When a bird dies an untimely death, it’s always a sad event. But what’s the difference between a leopard pouncing on an unsuspecting Helmeted Guineafowl, and an Albatross killed by a fishing hook? For each bird individually, it doesn’t really make a difference. But for bird conservation, it changes everything.
The predation of the unfortunate guineafowl is a natural occurrence, part of the ecological web of life. However, a seabird getting caught in fishing gear is part of a man-made system that kills 300,000 seabirds every year – along with many other creatures. In terms of natural history, it’s an extremely recent phenomenon – and one that is entirely avoidable.
On our planet, there is a specific set of man-made systems which are driving the rapid destruction of our natural world. At BirdLife, we are determined to change these systems for the better, to make them work for people and nature.
Intensive farming and land use change
“In Europe we have lost 57% of farmland birds in just 40 years.”
In Europe, we have lost 57% of farmland birds in just 40 years. How? The ponds, trees and hedges that once laced small family farms have all but disappeared; taken over by massive, pesticide-laden mega-farms which leave no space for natural habitats – no space for life. What’s more, this intensive farming system is subsidized by public money. Another system is possible: one that pays farmers to make space for nature, empowering them as stewards of the Earth.
The way the fishing industry works today is not sustainable. It’s the opposite. Not only are the species that are being fished declining at an alarming rate; other species that are caught by “accident” – many of them birds – also suffer a tragic fate. Marine life is in danger. The good news is that it’s entirely preventable. Less harmful fishing methods and tools are available. They should be subsidized with the public monies that now support expanded industrial fishing fleets which are destroying our marine environment.
The world’s forests, on top of being the Earth’s lungs, are home to rich and diverse wildlife, including a large number of feathered creatures. Catastrophically, they are under attack. Destroyed to make space for cattle grazing or to burn trees for “bioenergy”, the decimation of our forests is fueling the joint biodiversity and climate crises. In some parts of the world, such as the European Union, bioenergy is falsely branded as sustainable, and is subsidized by public money. Our money should support the protection of our forests – not their burning.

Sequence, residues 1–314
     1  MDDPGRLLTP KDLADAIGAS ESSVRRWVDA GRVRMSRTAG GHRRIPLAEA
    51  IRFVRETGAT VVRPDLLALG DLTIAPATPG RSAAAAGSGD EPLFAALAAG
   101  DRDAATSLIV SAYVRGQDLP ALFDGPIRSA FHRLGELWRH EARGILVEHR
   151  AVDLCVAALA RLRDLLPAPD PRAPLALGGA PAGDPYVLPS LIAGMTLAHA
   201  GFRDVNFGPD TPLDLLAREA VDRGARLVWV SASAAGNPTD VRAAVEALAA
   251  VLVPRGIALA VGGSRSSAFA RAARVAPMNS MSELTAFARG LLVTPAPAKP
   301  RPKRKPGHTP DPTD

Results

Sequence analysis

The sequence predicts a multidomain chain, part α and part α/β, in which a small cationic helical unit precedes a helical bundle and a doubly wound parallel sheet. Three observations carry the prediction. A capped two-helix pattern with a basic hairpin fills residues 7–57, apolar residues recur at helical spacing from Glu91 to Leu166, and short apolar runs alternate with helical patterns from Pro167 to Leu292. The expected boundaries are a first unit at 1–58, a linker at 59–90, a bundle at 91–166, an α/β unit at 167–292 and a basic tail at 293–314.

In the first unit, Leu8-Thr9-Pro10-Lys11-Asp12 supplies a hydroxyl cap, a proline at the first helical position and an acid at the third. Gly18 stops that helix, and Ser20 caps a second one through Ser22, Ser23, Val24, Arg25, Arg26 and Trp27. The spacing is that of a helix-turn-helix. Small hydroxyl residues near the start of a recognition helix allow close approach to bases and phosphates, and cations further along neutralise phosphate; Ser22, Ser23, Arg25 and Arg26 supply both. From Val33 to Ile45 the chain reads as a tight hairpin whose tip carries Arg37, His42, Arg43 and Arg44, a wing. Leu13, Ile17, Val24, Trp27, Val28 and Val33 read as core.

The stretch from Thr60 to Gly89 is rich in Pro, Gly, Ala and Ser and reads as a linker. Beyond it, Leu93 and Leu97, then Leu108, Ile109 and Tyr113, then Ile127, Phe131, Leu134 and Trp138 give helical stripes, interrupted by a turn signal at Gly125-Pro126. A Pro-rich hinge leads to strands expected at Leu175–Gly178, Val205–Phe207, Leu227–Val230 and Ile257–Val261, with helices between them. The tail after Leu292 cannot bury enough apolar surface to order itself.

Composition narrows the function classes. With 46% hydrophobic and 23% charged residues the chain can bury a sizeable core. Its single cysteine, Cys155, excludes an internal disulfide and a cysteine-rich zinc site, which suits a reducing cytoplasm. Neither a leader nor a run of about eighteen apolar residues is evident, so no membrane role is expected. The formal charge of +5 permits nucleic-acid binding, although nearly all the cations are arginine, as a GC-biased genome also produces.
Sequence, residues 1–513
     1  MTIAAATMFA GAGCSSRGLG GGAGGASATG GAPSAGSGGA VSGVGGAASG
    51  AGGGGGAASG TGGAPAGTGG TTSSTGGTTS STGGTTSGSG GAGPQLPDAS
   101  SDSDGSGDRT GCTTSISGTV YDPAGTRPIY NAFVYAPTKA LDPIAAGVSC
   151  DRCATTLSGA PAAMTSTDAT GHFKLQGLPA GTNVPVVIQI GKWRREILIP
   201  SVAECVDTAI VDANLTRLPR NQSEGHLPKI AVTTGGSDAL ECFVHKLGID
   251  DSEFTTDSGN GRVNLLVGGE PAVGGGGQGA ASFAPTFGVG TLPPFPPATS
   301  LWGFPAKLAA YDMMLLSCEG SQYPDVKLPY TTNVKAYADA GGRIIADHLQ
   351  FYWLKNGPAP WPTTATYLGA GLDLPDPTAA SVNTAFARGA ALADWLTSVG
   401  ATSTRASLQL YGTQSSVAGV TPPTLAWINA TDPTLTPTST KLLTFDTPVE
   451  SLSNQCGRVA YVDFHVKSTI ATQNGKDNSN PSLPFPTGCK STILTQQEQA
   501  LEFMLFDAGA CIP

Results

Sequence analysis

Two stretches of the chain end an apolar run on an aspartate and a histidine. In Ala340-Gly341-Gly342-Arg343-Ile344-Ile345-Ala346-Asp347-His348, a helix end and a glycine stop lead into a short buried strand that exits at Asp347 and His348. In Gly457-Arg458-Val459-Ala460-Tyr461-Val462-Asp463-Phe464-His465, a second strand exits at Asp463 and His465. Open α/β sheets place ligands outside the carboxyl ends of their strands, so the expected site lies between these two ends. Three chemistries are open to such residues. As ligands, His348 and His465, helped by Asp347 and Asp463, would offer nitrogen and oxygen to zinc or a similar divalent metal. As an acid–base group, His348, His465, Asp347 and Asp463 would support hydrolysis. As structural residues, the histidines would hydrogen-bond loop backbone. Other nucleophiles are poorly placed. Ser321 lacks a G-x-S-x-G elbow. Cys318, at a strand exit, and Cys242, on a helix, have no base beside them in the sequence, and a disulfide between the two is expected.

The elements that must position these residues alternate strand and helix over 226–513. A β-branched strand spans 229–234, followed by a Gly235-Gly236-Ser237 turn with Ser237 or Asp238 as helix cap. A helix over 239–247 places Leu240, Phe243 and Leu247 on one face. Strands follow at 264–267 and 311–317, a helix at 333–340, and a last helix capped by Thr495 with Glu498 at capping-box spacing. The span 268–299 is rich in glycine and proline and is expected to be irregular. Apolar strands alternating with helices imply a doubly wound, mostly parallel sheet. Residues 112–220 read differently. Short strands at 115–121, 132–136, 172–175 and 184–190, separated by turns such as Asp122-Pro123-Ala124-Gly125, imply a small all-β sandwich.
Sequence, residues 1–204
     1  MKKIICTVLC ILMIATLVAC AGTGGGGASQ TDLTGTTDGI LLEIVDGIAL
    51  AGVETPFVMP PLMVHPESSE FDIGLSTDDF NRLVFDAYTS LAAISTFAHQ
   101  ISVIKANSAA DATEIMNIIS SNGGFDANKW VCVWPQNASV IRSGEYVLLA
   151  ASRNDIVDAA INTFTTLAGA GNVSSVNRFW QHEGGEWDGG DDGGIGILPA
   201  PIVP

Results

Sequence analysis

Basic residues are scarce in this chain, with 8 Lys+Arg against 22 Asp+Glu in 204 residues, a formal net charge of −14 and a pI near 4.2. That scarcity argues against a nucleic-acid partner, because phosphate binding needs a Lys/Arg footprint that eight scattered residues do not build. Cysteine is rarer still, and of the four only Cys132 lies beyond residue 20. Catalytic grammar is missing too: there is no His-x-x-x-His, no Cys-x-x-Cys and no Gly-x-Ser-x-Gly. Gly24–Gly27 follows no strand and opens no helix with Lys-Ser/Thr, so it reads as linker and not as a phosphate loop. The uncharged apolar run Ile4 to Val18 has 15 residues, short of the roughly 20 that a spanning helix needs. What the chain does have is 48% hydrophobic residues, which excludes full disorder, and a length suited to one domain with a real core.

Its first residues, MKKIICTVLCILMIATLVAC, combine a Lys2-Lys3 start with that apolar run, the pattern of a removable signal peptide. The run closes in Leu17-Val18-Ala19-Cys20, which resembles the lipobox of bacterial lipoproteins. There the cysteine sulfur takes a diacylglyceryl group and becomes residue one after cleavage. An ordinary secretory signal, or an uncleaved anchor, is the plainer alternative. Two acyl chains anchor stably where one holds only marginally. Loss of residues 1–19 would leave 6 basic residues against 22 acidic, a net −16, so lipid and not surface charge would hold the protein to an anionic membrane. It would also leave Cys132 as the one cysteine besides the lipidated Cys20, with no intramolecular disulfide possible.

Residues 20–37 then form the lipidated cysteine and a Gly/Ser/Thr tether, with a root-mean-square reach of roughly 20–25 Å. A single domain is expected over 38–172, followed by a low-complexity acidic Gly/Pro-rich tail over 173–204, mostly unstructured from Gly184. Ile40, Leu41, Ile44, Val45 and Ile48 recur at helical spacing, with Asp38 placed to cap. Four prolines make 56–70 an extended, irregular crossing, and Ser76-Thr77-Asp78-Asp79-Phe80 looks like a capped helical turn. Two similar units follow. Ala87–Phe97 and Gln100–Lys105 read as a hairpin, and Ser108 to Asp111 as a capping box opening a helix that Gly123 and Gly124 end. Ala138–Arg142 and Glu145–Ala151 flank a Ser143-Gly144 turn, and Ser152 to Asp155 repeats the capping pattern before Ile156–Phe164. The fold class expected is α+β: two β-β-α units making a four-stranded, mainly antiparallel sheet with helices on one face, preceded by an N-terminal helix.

This is the driving force behind all systems. If it weren’t for harmful subsidies, our land and sea would be in a much better state. We must change the direction to which the money flows, be it public or private – as that determines what gets done. And while those at the top make high profits, most of the people working in these systems are simply trying to make a living. We need to engage in a just green transition for farmers, fishers, and forestry workers to ensure a livable future for both people and nature.
Working with business and people towards the sustainable use of natures’ resources
To inform and advance evidence-based business policy and practice, we offer a wealth of proprietary data and tools, provide science-based consultation and have boots on the ground in 115 countries.
As the world’s largest nature conservation partnership, with local roots and global reach informed by internationally-recognised science, BirdLife is uniquely placed to help guide and develop the post-2020 framework and mobilise support for its implementation.
Supported by the Critical Ecosystem Partnership Fund (CEPF), BirdLife and our local partners are guiding conservation projects Mediterranean biodiversity hotspot – a series of coastal zones fabulously rich in biodiversity, yet threatened by unrestrained coastal development.
Tens of thousands of soaring birds cross the Red Sea and Great Rift Valley every year during seasonal migration. Unfortunately, huge development pressures threaten these magnificent animals.
The fishing lobby has been violently reacting to the European Commission’s Action Plan that seeks a timid and slow phase-out of bottom trawling inside Marine “Protected” Areas (MPAs). Many false arguments are being used to oppose an obviously needed measure that is crucial for the restoration of biodiversity, protection of carbon stocks and regeneration of fish populations – and hence the future of fishing itself.
Depuis plus de deux décennies, les agriculteurs du village de Ouably-Gondrou, dans la localité de Kouibly située dans l’ouest de la Côte d’Ivoire, ont connu une baisse significative des rendements de cacao en raison de l’abattage des arbres dans les plantations de cacao, ce qui expose les plantes aux rayons nocifs du soleil. SOS-Forêts, partenaire de BirdLife, a mené des initiatives de restauration dans le pays. Lorsque SOS-Forêts a mené une campagne de sensibilisation dans la région en 2021, Clément Sie, un agriculteur de 37 ans, et ses pairs ont compris l’impact de la déforestation sur la production de cacao. En 2022, SOS-Forêts a commencé à mettre en œuvre un projet de restauration financé par TerraFund pour AFR100, visant à restaurer 150 ha de couvert végétal à Kouibly. Solange Kablan de SOS-Forêts s’est entretenue avec Sie qui explique son implication dans le projet.
With more than 30 years of experience in conserving Gola Rainforest, Sierra Leone, BirdLife partners are deploying a whole suite of different methods to protect this unique and bird-rich hotspot – from carbon credits and chocolate production to training rangers and youth volunteers. And it’s paying off for the local people too.